California’s Chief Justice hailed the example of St. Thomas More as she urged legal professionals and civic leaders to build trust in the state’s legal system at LA’s 41st annual Red Mass.
Recalling the “unfathomable violence and suffering” witnessed by the world in recent weeks and describing public trust in institutions as “fragile,” Chief Justice Patricia Guerrero said the 16th-century English saint “represents a guiding figure for lawyers, judges, and public servants to navigate the complexities of our work and our world.”
“St. Thomas More reminds us that in a world that can often seem turbulent, we must not abandon our duty as guardians of the law,” said Guerrero, who gave the closing remarks at the Oct. 25 liturgy at the Cathedral of Our Lady of the Angels. The Mass was presided by Archbishop José H. Gomez and concelebrated by a dozen priests.
Guerrero, a Democrat, became the Supreme Court of California’s first Latina justice after she was nominated to the court by Gov. Gavin Newsom last year.
“It is a difficult time when we are called to do all that’s in our power in ways, big or small, to create a more just world,” said Guerrero. “We must continue to pursue justice and compassion, uphold the truth, and defend the rights of the most vulnerable.”
Organized by the local chapter of the St. Thomas More Society, the Red Mass is an ecumenical, civic celebration that honors judges, lawyers, legislators, and legal professionals usually held around the time the U.S. Supreme Court begins its new year.
The more than 200 people attending this year included representatives of various faith traditions. As in previous years, the Mass’ ceremonial honor guard was led by the Knights of Saint Peter Claver and the Knights of Columbus.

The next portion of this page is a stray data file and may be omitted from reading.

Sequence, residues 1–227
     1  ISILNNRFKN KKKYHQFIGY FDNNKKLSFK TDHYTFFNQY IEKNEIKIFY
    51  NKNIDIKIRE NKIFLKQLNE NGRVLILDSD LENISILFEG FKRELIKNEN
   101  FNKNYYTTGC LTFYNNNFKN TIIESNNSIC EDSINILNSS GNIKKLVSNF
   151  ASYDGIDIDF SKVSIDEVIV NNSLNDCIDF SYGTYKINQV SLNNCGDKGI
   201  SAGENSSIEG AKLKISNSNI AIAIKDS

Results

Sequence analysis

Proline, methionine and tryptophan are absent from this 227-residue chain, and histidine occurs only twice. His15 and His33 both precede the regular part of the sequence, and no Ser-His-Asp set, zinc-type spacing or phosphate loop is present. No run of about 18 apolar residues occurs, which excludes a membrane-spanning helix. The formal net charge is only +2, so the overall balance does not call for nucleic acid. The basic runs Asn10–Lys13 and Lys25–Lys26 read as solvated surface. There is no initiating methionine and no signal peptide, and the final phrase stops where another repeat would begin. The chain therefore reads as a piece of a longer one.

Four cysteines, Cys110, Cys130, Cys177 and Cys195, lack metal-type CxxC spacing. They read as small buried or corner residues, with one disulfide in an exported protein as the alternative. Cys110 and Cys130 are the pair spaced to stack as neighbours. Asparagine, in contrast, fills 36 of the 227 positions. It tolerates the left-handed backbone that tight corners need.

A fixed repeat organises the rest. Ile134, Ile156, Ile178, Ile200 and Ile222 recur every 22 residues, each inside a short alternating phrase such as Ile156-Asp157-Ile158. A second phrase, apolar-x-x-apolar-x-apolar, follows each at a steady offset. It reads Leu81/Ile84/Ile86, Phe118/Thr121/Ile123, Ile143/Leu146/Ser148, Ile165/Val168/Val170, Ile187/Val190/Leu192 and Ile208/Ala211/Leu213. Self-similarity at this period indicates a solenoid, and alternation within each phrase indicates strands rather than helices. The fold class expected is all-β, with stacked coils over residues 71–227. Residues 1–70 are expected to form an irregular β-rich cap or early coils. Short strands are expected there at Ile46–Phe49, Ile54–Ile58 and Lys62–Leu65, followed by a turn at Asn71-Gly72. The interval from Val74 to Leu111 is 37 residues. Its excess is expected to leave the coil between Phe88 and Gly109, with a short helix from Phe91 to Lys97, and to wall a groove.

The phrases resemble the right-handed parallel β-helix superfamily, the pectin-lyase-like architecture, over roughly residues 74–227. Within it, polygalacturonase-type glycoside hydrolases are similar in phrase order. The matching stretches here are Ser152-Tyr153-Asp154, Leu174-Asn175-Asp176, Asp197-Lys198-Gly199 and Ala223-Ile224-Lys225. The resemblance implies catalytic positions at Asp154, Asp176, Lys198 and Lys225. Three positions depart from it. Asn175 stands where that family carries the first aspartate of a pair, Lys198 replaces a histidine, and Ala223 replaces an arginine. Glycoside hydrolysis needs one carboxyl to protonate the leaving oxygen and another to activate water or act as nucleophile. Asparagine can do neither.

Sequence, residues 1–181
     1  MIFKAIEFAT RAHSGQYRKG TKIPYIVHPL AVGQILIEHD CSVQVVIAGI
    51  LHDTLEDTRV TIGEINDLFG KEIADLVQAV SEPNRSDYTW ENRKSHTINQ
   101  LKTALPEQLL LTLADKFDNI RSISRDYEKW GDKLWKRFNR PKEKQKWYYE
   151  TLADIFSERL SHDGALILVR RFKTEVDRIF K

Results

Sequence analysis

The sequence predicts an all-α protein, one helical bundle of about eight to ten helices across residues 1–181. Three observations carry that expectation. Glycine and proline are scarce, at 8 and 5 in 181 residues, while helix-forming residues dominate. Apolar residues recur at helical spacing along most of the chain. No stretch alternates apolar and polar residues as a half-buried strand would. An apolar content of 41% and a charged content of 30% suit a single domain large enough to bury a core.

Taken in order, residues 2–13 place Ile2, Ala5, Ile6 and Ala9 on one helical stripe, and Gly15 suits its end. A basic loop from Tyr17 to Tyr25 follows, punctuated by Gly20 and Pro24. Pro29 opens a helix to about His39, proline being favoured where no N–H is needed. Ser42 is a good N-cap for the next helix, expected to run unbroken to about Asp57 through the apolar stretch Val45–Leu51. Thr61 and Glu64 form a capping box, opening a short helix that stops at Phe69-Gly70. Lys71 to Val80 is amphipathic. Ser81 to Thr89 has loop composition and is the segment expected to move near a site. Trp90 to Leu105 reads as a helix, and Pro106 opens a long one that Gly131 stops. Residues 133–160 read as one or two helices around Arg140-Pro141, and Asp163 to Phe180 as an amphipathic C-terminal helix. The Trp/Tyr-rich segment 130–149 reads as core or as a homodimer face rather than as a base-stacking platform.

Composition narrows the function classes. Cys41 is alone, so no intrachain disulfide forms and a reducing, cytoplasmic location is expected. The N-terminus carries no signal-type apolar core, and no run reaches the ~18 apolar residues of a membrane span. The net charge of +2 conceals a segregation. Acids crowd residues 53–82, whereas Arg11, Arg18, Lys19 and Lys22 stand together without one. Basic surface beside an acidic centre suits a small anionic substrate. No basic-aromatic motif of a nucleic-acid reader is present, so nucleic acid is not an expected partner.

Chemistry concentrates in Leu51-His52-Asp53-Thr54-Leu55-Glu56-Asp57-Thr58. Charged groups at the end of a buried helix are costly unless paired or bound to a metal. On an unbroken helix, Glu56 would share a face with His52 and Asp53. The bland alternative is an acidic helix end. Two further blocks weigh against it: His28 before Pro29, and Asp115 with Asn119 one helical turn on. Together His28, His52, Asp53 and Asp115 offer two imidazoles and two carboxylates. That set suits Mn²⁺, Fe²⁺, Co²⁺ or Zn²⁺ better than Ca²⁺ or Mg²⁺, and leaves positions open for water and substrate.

In her remarks, Guerrero also recalled the “deep and abiding” faith of her grandmother, who together with her parents passed on to her the “values of compassion and helping others” while growing up in California’s Imperial Valley.
This year’s homilist was Father Edward Siebert, SJ, rector of Loyola Marymount University’s Jesuit community and a longtime film producer who most recently worked as an executive producer for the 2023 Russell Crowe film, “The Pope’s Exorcist.”
The Jesuit invoked the 1957 legal drama “12 Angry Men” in his homily to connect the theme of the evening’s liturgy with Jesus’ words in the Gospel: “Much will be required of the person entrusted with much, and still more will be demanded of the person entrusted with more” (Luke 12:48).
“Both the film and the Gospel-parable offer us a narrative of human experience that helps us to rise above the oft confining limits of human experience in order to attain the ultimate ideas of justice and truth,” Siebert said in his homily.
The Latin word for “more” as found in the Gospel, Siebert said, is “magis,” a term that can translate to “greater” and often used by St. Ignatius Loyola.
“For St. Ignatius Loyola, the superlative was always God,” said Siebert, who is also the founder and president of Loyola Productions, Inc. “And the comparative, ‘the greater,’ was how we discovered what was more just, loving, and pleasing to God.”
The Spanish saint’s understanding of the gospel, Siebert said, “would call all religious authorities, and I dare say, civic authorities, to pursue the ‘greater’ in their own challenging, probing, and consequential deliberations.”
Before the end of the Mass, St. Thomas More Society of LA president Carmela Bombay announced the death of T. Matthew Hansen, general counsel for the Catholic Community Foundation of Los Angeles and a member of the society chapter’s board, who had died just three days earlier on Oct. 22.
Also remembered was Bishop David O’Connell, who was killed earlier this year and had concelebrated last year’s Red Mass alongside Archbishop Gomez. State Sen. Bob Archuleta, D-Pico Rivera, recalled that he received holy Communion from O’Connell at last year’s Mass. This year’s Mass, he told Angelus, was a chance to remember and pray for a man he considered a friend.
“He was truly the man of the cloth and he will be missed, and we honor him today,” said Archuleta, who sponsored 30 freeway-adjacent digital billboards around the LA area honoring Bishop O’Connell following his death last February.